DOVER KENT ARCHIVES

Page Updated:- Sunday, 07 March, 2021.

Published 6 November 2003

 

BELOW: This particularly fine postcard, of 1904, which is in colour, was found on the Isle of Skye recently by Memories readers Barbara and Barry Long of Folkestone, and depicts a Boulogne steamer which, according to a brief message on the front of the card was called the NaHat •I slipped up in the headline to my feature on this page last week about the new video film, Memories of Folkestone, 1900-1914, produced by Folkestone & District Local History Society, which costs 14.95.

By mistake I suggested the period covered was from 1914.1 hope this does not cause any disappointment.
LOST Railways of Kent, a newly packaged book by Leslie Oppitz, highlights the fact that one of the first 10 passenger railways in the world was built in Kent — the Canterbury to Whitstable line — in 1830. Within a few years a fledgling network of lines had reached the Channel coast, at Folkestone and Dover, long recognised as the gateway to Europe.

Leslie travelled widely to gather material for his book, making visits to many lines and stations, some long since closed, to bring to life the history of the county’s railways, the reason for their construction and, where relevant, their closure.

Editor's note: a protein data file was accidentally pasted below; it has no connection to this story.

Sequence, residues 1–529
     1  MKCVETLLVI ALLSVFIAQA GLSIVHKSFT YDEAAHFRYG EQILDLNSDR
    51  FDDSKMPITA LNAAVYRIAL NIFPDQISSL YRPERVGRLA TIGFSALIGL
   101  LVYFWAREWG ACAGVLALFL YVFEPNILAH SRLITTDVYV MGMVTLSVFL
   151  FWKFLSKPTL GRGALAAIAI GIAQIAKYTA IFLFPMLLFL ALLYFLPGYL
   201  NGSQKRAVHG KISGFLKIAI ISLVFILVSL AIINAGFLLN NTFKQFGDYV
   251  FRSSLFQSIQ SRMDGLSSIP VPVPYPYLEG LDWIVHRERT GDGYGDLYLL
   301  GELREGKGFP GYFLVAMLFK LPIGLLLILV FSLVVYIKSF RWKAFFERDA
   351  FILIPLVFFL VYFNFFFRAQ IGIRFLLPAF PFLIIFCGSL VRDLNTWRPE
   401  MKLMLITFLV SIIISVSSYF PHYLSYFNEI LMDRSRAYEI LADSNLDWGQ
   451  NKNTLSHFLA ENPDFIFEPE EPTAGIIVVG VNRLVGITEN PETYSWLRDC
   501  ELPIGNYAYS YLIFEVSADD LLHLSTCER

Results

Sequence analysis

The softback costs 9.95.

Leslie has written other books on railways and three on tramways, including Tramways Remembered, South & South East England, (including Hythe and Dover) a hardback from the same publishers, in 1998. They always seem to include a nice collection of old photos and this one includes a fine shot of one of the Britannia Class steam locomotives, the “William Shakespeare,” hauling the Golden Arrow, and pictured near Sandling 50 years ago.

The author has been writing railway histories since taking early retirement and already he has put the spotlight on Cheshire, The Chilterns, East Anglia, Dorset, Herefordshir & Worcestershire, Hampshire, Surrey and Sussex.